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Title: Clinical and pathological aspects of central nervous system infection
Author: Tran, Thi Hong Chau
ISNI:       0000 0004 2743 2444
Awarding Body: Open University
Current Institution: Open University
Date of Award: 2012
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Central nervous system (CNS) infection remains a major cause of mortality and morbidity worlwide. This thesis focuses on the causes, prognostic markers, and pathogenesis of meningitis in adults in Viet Nam and explores the pharmacokinetic properties of fluoroquinolones in the treatment of tuberculous meningitis (TBM). Chapter One provides an introduction to infections of the CNS in Viet Nam. Chapter Two describes the clinical studies of CNS infections at the Hospital for Tropical Diseases in Viet Nam which underpin this thesis. Mycobacterium tuberculosis is the most common cause of CNS infections with the three commonest causes of acute pyogenic meningitis Streptococcus suis, Streptococcus pneumoniae and Neisseria meningitidis. In Chapter Three, I report on a study of the pathogenesis of meningitis and encephalitis in particular the role for Metalloproteinase/Tissue Inhibitor of Metalloproteinase. One of the most challenging situations is to distinguish partially treated pyogenic meningitis from TBM and viral meningitis and encephalitis. I identified two major clinical factors that can help distinguish TBM from pyogenic meningitis- gingivo-herpes and deafness are very much more common in pyogenic meningitis than in TBM (Odds Ratio 32). In Chapter Four, I develop a clinical aligorithm and in Chapter Five, a prognostic system to determine which variables can be used to predict the clinical outcome.TBM remains very difficult to treat. In Chapter Six, I report the results of a pharmacokinetic study aimed to identify the optimal fluoroquinolone to be used for the treatment of TBM. My results demonstrate levofloxacin has a better pharmacokinetic profile than ciprofloxacin or gatifloxacin for the treatment of TBM.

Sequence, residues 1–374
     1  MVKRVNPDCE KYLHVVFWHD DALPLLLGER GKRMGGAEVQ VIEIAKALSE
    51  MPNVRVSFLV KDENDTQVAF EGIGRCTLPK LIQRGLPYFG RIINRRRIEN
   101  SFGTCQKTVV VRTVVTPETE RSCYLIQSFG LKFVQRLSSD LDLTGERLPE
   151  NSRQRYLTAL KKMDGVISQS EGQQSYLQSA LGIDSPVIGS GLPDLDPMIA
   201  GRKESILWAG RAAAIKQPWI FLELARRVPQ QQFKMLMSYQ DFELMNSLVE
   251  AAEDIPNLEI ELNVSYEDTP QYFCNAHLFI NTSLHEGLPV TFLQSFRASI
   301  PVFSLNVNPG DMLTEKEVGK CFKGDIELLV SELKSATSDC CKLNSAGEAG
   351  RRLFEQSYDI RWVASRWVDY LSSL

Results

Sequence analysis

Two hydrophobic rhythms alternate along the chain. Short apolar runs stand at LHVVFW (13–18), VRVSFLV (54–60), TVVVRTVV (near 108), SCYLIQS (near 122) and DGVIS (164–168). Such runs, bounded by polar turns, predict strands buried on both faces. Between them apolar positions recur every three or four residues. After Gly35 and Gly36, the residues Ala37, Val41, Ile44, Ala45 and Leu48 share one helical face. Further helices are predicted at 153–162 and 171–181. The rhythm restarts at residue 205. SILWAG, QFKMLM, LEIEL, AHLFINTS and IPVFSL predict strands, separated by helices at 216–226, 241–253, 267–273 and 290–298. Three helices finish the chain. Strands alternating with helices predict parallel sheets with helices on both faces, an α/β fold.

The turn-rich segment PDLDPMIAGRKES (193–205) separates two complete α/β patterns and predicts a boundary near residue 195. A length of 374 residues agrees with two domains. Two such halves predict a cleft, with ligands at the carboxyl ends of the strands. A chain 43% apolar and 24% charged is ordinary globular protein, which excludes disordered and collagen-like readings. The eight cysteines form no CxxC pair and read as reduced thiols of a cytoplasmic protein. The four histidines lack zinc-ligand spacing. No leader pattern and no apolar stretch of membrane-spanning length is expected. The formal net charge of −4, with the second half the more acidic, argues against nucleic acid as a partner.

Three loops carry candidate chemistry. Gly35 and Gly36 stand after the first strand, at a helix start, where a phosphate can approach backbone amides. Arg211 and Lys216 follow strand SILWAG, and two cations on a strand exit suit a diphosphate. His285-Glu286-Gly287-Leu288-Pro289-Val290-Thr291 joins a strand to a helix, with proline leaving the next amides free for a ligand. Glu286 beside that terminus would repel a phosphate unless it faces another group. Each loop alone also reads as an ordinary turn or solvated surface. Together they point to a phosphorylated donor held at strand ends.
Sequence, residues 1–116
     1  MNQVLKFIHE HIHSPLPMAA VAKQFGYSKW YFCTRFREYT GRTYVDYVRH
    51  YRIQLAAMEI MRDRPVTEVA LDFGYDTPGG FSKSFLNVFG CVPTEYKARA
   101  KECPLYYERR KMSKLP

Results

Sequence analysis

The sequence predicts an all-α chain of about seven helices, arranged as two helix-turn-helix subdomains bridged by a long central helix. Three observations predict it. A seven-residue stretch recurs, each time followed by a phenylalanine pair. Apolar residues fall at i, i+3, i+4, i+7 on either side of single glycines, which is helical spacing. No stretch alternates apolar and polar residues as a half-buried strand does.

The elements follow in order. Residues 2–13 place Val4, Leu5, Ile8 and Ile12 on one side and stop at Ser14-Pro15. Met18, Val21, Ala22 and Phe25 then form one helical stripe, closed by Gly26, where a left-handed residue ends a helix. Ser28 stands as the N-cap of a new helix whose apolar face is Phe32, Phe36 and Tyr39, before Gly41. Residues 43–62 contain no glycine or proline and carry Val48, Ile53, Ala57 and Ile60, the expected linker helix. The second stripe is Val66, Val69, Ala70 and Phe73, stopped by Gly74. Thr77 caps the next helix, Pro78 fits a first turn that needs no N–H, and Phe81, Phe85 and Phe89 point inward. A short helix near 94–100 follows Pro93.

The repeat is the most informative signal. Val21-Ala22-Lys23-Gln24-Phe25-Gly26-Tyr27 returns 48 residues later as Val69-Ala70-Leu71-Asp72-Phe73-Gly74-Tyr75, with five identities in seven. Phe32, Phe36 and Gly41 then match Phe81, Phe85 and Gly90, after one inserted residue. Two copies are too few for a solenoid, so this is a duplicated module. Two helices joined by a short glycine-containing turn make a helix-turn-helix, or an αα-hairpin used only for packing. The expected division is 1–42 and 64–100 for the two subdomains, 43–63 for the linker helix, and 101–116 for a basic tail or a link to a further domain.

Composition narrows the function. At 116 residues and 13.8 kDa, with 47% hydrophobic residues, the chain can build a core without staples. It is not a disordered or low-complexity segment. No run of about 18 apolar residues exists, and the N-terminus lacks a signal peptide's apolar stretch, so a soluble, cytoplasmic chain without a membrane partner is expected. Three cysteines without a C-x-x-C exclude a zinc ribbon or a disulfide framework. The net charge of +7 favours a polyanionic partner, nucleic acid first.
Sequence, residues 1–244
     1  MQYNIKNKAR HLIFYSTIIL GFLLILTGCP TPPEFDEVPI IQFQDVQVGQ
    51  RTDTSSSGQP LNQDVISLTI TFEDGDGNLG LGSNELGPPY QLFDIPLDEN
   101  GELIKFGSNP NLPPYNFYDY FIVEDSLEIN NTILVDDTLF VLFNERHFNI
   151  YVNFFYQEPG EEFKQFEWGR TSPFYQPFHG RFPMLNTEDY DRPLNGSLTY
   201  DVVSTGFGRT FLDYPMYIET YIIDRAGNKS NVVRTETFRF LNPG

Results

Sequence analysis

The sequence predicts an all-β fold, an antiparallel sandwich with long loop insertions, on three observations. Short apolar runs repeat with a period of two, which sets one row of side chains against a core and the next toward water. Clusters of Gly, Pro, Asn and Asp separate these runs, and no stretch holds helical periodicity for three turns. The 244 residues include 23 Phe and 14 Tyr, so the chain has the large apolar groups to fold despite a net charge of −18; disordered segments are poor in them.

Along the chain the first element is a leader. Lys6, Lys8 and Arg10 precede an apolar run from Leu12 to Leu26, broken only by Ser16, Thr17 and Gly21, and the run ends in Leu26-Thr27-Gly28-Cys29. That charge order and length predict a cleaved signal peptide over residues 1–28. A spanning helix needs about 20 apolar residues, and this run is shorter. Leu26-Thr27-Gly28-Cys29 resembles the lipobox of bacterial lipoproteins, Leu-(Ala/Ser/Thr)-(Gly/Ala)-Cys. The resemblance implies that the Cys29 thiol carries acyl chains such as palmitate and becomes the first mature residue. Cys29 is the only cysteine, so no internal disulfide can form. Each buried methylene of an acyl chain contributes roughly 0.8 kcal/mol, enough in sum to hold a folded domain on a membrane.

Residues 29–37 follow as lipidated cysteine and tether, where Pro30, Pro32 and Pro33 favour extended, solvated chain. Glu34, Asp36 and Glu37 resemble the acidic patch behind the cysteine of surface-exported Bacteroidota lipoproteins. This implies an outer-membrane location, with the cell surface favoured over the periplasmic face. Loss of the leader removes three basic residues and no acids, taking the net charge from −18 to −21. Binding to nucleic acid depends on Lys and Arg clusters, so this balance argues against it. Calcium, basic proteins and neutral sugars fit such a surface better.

Supervisor: Not available Sponsor: Not available
Qualification Name: Thesis (Ph.D.) Qualification Level: Doctoral
EThOS ID:  DOI: Not available